As one might expect, Merwin writes about the Battenkill’s most famous fisherman, the legendary Lee Wulff. But “The Battenkill” also covers Norman Rockwell and Grandma Moses and “the half-mythical (Ethan) Allen and his Green Mountain Boys, who were in fact a handful of arrogant tavern drunks, bullying New York settlers along the border both before and shortly after the American Revolution.”

It’s not a how-to book, but anyone who reads it will learn how to fish the Battenkill. Merwin will warn them he sometimes takes an hour to wade 100 feet, which drives some of his friends nuts but avoids frightening the big trout. And you can almost see him wag his finger when you read, “use a three- to four-foot-long tippet of 6X [or lighter with ultra-small flies] for everything except streamers, even if the book you’ve read says to use 4X with your size-14 Hendrickson dries.”

Hurteau, who fished with Merwin often, heard lots of stuff like that.

“I met John in 1995,” he recalled in an interview. “I was a young, new punk editor from the wilderness at Field and Stream. John was already a legend. I had no idea who he was. The first words John ever spoke to me in person were, ‘You talk too much.’ ”

But under the grumpy New England veneer, Merwin was a softie. “He showed you in no uncertain way that he cared about you,” Hurteau said. “He went way out of his way to take a lot of us young editors under his wing and take care of us. It’s something that has been lost a little bit in editing circles these days — people are just too busy.”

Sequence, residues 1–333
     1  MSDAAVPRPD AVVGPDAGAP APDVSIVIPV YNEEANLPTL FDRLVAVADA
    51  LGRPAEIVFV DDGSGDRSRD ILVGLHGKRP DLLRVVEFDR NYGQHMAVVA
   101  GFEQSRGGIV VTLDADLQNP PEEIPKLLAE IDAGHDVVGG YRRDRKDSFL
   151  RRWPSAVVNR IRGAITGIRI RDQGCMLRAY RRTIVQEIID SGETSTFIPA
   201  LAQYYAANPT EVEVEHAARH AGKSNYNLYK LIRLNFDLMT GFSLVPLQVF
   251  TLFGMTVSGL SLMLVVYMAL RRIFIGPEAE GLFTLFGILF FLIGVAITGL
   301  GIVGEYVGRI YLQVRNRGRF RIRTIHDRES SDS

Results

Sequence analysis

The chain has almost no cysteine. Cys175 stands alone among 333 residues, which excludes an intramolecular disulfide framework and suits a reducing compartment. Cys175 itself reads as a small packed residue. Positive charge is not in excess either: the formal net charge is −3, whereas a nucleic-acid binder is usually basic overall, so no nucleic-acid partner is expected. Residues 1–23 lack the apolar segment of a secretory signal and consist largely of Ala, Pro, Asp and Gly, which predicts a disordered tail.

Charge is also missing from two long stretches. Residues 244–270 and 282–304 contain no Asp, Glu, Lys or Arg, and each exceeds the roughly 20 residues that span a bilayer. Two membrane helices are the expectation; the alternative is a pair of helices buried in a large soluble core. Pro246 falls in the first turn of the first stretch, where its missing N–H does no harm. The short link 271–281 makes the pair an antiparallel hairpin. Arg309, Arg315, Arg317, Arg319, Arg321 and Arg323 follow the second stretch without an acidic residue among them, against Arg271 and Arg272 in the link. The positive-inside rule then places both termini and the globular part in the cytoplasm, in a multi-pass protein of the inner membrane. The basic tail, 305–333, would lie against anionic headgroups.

And Merwin, a Connecticut nat­ive who began his career as a newspaperman after attending the University of Michigan, “was the standard bearer for integrity in fishing writing,” Hurteau said. “We really looked to John for the right way to do things, and he was just adamant about that. He insisted that things be done the right way.”

Hence the great books, and the many great articles and blog posts, and the overall quality of the mag­azines he led.

Merwin wasn’t afraid to show his sentimental side in his writing, at least when he was writing about the Battenkill.

“After about 40 years of chasing trout from Maine to California and beyond, I know that the Battenkill is my favorite place,” he wrote. “The Battenkill is more like Bach; with green hills, covered bridges and white-clapboard villages forming the gently repeating steps of a sweetly insistent fugue in which rising trout play an occasional part. Perhaps you’ll develop a taste for it. As I have.”

Morgan Lyle’s commentary appears regularly in The Daily Gazette. Reach him at morganlyle@gmail.com.

Casting for Carp Can Be Challenging

Daily Gazette article

Thursday, February 7, 2013

By Morgan Lyle

One year ago, Field & Stream fishing editor John Merwin declared in the magazine’s fishing blog, The Honest Angler, that “Carp Fishing is Not the Next Big Thing.”

In the post, he referred to an art­icle he had written in 2006, comparing fly-fishing for carp to dragging a piece of fried chicken through a senior citizen center. “If it looks good and moves slowly enough, something will eventually try to gum it to death,” he wrote.